An identification step 104 may create a vocabulary list of terms from the input text. That is, for example, the input text provided 102 may be parsed to find individual communication elements 64 such as words, terms, expressions, phrases, and the like that occur within the inputs provided 102. In order to recognize that a communication element 64 is a recognized term of some type, that communication element 64 must exist in some recognizable form. That is, a string matching may be done. However, in an apparatus and method in accordance with the invention, one method for providing useful identification of terms is to compare the various communication element 64 with the vocabulary list that was provided during the build process 76. Thus, all the occurrences of any communication element 64 within the list resulted from the vocabulary build 76 may be identified for its number occurrences within the input text.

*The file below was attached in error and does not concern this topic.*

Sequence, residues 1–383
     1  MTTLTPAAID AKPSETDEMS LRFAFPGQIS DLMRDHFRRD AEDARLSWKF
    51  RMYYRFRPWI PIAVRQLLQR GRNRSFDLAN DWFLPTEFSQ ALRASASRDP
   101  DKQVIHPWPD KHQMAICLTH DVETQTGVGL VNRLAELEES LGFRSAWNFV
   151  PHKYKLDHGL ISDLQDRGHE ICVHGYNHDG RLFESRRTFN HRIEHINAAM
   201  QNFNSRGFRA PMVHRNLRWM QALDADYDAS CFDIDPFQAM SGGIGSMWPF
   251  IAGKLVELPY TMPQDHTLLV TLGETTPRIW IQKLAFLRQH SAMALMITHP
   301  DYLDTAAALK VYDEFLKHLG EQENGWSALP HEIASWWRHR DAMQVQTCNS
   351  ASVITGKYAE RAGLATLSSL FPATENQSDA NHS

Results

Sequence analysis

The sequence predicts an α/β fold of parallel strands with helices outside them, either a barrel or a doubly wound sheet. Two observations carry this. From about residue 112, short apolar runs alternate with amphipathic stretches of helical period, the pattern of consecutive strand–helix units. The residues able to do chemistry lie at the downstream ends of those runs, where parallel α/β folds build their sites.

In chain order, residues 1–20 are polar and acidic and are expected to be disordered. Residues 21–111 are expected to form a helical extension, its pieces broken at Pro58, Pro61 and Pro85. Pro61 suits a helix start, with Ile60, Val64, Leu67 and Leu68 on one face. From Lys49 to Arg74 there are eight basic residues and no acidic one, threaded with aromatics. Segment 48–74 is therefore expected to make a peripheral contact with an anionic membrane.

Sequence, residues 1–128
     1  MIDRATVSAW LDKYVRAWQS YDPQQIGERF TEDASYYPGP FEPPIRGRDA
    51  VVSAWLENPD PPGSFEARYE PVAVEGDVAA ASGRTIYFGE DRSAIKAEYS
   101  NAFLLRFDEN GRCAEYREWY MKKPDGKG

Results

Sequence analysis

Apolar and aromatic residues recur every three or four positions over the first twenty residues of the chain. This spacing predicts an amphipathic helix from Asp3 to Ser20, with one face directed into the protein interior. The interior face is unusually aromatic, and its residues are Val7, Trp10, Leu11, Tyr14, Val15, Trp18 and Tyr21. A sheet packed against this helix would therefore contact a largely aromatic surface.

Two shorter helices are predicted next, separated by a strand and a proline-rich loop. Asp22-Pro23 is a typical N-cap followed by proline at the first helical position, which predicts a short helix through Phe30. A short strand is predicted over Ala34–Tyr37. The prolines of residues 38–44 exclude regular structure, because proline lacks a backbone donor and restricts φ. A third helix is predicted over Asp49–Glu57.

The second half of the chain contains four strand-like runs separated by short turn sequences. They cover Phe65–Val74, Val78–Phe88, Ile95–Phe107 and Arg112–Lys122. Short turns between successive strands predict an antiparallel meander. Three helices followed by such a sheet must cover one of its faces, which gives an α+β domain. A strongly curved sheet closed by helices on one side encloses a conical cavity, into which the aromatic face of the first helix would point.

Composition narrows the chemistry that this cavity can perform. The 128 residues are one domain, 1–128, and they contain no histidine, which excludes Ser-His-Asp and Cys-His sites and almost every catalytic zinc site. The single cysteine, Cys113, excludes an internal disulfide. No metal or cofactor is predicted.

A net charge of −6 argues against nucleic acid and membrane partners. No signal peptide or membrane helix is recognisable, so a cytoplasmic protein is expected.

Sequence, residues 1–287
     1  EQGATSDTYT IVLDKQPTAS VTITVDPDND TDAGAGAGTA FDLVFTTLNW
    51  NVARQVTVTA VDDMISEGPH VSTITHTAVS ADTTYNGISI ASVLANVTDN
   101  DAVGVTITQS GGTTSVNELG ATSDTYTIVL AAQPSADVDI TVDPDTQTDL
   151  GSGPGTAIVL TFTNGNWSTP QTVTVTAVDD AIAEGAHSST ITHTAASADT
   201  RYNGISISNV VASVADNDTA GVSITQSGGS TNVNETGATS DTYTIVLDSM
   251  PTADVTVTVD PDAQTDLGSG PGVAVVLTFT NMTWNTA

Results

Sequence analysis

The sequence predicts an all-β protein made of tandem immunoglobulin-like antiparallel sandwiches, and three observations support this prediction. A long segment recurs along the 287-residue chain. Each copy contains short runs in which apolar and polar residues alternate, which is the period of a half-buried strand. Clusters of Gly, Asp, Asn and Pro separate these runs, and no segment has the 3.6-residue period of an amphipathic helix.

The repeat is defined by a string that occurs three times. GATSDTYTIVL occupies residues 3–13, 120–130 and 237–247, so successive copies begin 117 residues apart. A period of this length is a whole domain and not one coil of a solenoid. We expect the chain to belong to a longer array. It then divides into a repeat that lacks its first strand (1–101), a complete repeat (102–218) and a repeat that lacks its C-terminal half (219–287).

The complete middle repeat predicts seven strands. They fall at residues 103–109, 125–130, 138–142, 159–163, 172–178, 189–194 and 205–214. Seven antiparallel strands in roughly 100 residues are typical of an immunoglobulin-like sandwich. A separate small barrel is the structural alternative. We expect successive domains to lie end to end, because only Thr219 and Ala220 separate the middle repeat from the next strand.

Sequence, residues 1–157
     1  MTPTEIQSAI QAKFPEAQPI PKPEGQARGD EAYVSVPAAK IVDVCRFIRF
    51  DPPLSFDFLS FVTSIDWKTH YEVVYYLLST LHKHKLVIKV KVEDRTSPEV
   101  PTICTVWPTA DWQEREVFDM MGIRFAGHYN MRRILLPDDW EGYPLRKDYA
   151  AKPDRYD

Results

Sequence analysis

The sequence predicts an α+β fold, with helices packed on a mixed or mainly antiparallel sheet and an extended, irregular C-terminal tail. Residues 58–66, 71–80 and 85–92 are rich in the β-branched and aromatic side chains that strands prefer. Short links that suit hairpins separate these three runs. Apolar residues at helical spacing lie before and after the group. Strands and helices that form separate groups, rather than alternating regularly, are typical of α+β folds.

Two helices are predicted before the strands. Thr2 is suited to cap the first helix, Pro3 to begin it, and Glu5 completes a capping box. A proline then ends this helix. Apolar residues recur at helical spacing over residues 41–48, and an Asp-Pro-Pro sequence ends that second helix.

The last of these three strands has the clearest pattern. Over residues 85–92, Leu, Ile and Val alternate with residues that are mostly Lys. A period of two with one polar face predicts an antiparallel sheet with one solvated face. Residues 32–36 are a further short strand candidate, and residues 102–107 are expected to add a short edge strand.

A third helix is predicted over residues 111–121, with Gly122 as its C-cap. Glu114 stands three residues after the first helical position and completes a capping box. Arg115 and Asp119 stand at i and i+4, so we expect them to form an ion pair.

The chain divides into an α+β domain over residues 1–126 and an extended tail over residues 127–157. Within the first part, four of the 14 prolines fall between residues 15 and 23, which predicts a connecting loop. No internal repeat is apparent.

Once the individual terms have been identified, then a calculation 106 may calculate the macro-context for the input-text. In contrast to the building process 76, in which the macro-context 90 was created for each vocabulary entry, the calculation step sums the domain weights 98 from the macro-context vector 90 of each of the terms from the input text, according to those terms macro-contexts 90 in the original vocabulary list. Accordingly, in one embodiment, the macro-context of an input may be a composite superposition or addition of the weights 98 of the macro-context vector 90 for all of the terms from the vocabulary list found in the input text.